Local architect wins gold at Conservation Awards

The expert restoration of a cluster of historical farm buildings in the Klein Karoo has bagged a South African architect and a leading architectural firm a coveted gold medal in an international awards programme.

Jaco Booyens, who lives in Robertson, Western Cape, says: “Winning this feels a bit like winning the Olympics or the World Championships. It was totally unexpected and came as a huge surprise.”

Robertson architect Jaco Booyens and Saota won a gold medal for their restoration of the ensemble of heritage buildings and for landscape recovery at Buffelsdrift at the seventh edition of the International Domus Restoration and Conservation Awards. The awards were announced online through a live streaming event. 

The judging panel had to work through entries from 73 contributing countries including China, South Africa, Saudi Arabia, Brazil, Russia and the USA. Only two gold medals were awarded, which makes this an incredible achievement for South African architecture. The second gold medal went to Giorgio Forti and Ilaria Forti for the restoration of the façade of the church of Santa Maria Di Nazareth (Vulgo Degli Scalzi).

“To honour the heritage of the existing buildings, materials were carefully selected to ensure that a little of the construction history is visible, showcasing elements of how these buildings were originally put together.” – Jaco Booyens on the approach that netted them the gold.

It took Booyens and the Saota team four years to complete the winning project. Buffelsdrift Farm, a large agricultural estate, is located west of Ladismith in the Klein Karoo. The farm buildings are structurally typical of South African culture, born of the intermingling of different cultures and building techniques. They are made up of several constructions dating from the mid-nineteenth century. The original buildings, made of poured earth, had undergone several modifications to the plastering and roofing. Incongruous additions had also been made to the whole.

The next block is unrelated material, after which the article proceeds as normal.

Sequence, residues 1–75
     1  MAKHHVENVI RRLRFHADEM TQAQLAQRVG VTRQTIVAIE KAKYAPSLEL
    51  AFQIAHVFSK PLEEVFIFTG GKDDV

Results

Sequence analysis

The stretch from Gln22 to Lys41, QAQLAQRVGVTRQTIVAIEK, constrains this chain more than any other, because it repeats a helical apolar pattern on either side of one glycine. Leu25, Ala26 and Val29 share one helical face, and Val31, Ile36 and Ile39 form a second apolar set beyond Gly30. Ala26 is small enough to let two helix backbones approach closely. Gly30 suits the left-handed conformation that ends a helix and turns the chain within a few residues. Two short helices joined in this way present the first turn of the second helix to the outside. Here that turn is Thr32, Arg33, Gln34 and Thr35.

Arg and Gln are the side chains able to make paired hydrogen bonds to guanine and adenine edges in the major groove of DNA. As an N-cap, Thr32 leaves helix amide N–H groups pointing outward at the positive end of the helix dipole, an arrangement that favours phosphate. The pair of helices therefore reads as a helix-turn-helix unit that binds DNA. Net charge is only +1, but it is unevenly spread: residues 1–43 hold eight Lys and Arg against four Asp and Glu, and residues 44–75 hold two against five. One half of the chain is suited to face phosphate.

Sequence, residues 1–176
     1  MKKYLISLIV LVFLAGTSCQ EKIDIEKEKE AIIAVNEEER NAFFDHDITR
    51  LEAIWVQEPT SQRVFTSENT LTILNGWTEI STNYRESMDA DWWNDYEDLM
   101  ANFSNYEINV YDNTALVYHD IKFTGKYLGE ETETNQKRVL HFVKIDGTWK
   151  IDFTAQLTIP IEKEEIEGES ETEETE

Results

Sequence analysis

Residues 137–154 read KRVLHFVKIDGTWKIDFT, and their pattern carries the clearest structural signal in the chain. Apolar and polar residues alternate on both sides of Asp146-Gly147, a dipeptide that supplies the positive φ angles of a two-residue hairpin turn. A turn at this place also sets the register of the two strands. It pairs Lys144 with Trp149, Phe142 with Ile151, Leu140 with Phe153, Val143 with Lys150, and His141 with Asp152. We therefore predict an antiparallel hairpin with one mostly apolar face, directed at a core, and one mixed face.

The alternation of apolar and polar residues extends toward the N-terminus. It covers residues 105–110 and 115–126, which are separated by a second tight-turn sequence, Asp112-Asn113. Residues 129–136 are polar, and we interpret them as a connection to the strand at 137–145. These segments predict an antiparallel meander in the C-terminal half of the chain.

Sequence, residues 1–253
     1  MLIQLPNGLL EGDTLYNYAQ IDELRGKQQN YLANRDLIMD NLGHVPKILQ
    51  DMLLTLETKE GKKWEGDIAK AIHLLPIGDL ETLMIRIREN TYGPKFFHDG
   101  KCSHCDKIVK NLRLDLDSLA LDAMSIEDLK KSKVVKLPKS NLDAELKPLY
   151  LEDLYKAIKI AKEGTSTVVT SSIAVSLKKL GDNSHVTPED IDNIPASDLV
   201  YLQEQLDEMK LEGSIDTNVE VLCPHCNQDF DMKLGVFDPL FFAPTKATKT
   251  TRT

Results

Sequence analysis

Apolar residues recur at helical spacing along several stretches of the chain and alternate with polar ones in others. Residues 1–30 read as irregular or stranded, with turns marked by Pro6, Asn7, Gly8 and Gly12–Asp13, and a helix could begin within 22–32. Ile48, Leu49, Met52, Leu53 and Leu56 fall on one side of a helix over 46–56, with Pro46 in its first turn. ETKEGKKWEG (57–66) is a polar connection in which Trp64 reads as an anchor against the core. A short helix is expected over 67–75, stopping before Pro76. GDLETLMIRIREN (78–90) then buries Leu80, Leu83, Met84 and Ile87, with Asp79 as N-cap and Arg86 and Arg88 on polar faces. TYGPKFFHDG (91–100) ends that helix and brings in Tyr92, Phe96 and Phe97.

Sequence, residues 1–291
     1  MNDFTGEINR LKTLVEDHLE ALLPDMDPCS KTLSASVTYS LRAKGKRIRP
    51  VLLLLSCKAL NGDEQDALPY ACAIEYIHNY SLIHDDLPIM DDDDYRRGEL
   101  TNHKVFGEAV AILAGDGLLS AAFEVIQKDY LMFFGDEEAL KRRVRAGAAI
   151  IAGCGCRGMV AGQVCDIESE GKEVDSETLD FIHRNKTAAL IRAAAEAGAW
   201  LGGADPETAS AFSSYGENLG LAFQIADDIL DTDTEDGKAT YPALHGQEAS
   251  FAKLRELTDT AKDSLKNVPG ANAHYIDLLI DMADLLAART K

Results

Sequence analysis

The restoration project attempted to clear such incongruities and restore the buildings with the aid of traditional construction techniques. The broken-down walls were restored and re-plastered by using clay and local techniques. In the same way, a broad roof pitch, that had recently been covered with a corrugated metal sheet, was reconfigured and rethatched in the time-honoured way with local plant materials. The result is particularly convincing in the redefinition of the volumes within a natural landscape that is an integral part of the design. Winning this competition is another example of South Africa being able to compete internationally in any field.

Booyens was impressed with the diversity of the projects entered. “I especially enjoyed the project from Haratori office Switzerland (silver medal) which involved the repurposing of an airy old barn as a technical office and the Zhujiadian brick kiln Museum (honourable mention), an entree from China. To be valued as an equal entree to the other gold medal for the Restoration of the façade of the church Santa Maria di Nazareth in Venice by Giorgio Forti, Ilaria Forti is an enormous honour. The work is so intricate that they spent the last 11 years on their project.”